–Harry S. Truman, Address at the National Convention Banquet of the Americans for Democratic Action (17 May 1952)

      • zaladonis says:

        Now there’s a 2012 pitch made of backfire and fail.

        If it were merely the candidate saying it, I’d agree, but ObamaNation is much bigger than that. When you have MSNBC and Time and hundreds of reporters and columnists and bloggers, to say nothing of hundreds of thousands of anonymous commenters online, repeating the narrative, it becomes something else.

        The propaganda possibilities this generation is creating and carelessly exploiting is the true unprecedented historic part of all this. It’s going to bring Western Civilization to its knees.

      • I actually think Obama Nation’s power has waned–for the time being. These narratives are echo chambers for a certain segment–the chattering classes and Obama’s true believers. But, they don’t have the power to shape majority opinion anymore. It’s like in that post I wrote about the progressive village going on and on about how Obama was King of the Polls again and *literally* the next day his polls sank back to 45-47%. The propaganda works on the smaller segment that still buys the BS, but I don’t think it works on nearly the same scale it worked in 2008 at all.

      • zaladonis says:

        Of course it’s waned – they haven’t been pushing it the past two years. The Time cover was the unveiling of Obama 2.0.

      • The power of Obama 2.0 is more iffy to me than 2008. I think it could just as easily work as it could be a dud. At any rate, we’ll find out soon enough.

      • zaladonis says:

        I’m doing a little experiment this weekend and I’ll make my solid prediction after that but right now I’m thinking Obama 2.0 will be even more successful than 2008. Not in level of exuberance, the 1.0 Hope & Change has been reconfigured to a 2.0 Reality and nobody faints over that, but in support. ObamaCo is going for Reagan’s landslide. And I think they might do it. With apologies to Mencken, nobody ever went broke underestimating the intelligence of Americans.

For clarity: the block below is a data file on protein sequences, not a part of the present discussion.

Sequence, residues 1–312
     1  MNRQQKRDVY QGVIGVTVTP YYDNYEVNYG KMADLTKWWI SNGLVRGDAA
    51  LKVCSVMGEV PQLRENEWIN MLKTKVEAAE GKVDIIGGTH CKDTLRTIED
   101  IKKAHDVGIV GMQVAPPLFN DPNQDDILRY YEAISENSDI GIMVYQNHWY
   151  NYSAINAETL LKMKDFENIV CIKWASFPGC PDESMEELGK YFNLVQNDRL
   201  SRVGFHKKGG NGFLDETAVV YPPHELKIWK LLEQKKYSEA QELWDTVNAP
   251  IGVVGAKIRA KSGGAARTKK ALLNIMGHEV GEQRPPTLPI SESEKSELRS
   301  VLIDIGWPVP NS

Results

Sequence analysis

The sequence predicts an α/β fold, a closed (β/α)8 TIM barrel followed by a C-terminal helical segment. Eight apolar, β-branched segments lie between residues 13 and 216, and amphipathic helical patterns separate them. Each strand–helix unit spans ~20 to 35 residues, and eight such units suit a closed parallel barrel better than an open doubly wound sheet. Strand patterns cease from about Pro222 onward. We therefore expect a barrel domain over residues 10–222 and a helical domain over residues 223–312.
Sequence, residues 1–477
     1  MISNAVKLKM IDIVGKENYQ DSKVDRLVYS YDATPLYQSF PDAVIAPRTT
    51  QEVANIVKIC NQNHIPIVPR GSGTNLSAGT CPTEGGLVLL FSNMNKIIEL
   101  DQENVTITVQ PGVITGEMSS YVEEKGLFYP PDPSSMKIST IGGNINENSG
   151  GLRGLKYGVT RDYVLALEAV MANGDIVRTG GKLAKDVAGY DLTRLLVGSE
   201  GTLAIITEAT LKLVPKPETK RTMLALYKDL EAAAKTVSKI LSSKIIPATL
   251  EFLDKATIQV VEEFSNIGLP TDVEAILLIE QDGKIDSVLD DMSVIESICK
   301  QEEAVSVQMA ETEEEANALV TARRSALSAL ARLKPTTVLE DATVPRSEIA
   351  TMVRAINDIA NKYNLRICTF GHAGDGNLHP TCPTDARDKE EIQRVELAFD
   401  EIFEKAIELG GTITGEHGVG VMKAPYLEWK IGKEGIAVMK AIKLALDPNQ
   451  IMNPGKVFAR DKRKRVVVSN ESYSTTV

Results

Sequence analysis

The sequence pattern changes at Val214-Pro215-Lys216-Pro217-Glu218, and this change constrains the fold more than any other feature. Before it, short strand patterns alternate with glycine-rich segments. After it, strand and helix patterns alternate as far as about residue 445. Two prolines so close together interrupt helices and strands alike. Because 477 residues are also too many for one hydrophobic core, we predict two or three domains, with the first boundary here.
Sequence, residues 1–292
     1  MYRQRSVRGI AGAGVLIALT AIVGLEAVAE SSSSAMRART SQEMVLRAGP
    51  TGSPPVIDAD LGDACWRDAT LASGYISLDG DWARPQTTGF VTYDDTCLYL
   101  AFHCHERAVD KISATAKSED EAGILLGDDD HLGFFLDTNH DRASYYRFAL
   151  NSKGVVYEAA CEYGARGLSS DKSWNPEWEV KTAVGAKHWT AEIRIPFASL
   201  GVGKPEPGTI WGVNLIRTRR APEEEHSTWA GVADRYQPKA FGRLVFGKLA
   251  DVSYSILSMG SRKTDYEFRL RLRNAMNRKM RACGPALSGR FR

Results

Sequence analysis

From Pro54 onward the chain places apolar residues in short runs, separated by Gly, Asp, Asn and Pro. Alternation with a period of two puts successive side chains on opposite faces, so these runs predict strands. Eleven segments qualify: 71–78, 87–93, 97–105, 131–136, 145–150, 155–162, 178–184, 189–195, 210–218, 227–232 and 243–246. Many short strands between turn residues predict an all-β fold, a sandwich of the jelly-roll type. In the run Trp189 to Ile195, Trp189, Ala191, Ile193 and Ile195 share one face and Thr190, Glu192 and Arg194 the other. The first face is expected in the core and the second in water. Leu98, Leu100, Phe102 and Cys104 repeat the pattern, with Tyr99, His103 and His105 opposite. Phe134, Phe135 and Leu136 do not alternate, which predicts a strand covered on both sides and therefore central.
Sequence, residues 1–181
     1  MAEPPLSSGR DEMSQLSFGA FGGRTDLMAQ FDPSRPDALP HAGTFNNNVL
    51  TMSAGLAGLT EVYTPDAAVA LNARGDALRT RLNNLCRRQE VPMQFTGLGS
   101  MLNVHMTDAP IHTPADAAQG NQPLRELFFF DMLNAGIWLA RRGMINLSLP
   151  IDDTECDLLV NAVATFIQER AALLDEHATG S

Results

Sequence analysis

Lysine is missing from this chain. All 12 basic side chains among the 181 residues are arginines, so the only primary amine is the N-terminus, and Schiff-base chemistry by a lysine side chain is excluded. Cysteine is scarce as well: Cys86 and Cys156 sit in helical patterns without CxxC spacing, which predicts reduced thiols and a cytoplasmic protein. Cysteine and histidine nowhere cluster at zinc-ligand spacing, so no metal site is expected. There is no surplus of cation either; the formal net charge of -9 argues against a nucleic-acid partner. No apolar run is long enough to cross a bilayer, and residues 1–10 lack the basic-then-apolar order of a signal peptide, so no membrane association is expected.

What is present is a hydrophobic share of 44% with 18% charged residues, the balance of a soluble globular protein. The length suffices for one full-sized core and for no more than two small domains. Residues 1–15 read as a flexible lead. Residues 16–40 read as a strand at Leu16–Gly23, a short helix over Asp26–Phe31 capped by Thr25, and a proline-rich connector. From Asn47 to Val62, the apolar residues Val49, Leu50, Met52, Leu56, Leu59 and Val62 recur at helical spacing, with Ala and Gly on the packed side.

• bostonboomer says:


  3. Minkoff Minx says:

    Interesting that those Sons of Confederacy waited until February (Black History Month) to start this campaign for N.B.F. license plates.

  4. Pat Johnson says:

    The irony of our “concern” regarding the possibility of religious fundamentalists taking over Eqypt is amazing.

    Right here, in our own nation, the same radical strain of fundamentalism is at work without much of an outcry.

    The state of Kentucky has just passed a law granting schools the right to offer “bible study” as an elective in their classrooms. Not too far into the future I can almost guarantee that this “elective study” becomes mandatory across the board and predict that as KY goes so will more states adopt the same curriculum.

    Anyone assuming that these “fundies” don’t mean business when it comes to inserting their religious beliefs into our nation’s laws need to pull their heads out of their butts.

    Our primary concern should be what is happening right here in the US before we lash out at similar intent being played out elsewhere. Our own nation is facing the same idea of “theocracy” on our own shores while our attention is focused on what is happening in other parts of the world.

    Look for a movement, starting state by state, to institute school prayer back into the system.

    Anerica needs to wake up to this tsunami of fundamentalist renderings that is taking place right here.

    • zaladonis says:

      And remember that nauseating Obama performance at the National Prayer Breakfast and how Democrats weren’t appalled by it. We’re used to the religious right but as you point it, it’s spread.

      Pat, American capacity for self delusion has become epidemic.

    • bostonboomer says:

      The ironies in this entire situation are too numerous to count.

    • cwaltz says:

      Who cares if Johnny can read, do math, or understands scientific witchcraftery? All that matters is that he can quote scripture from the King James version(because any other version is blasphemy).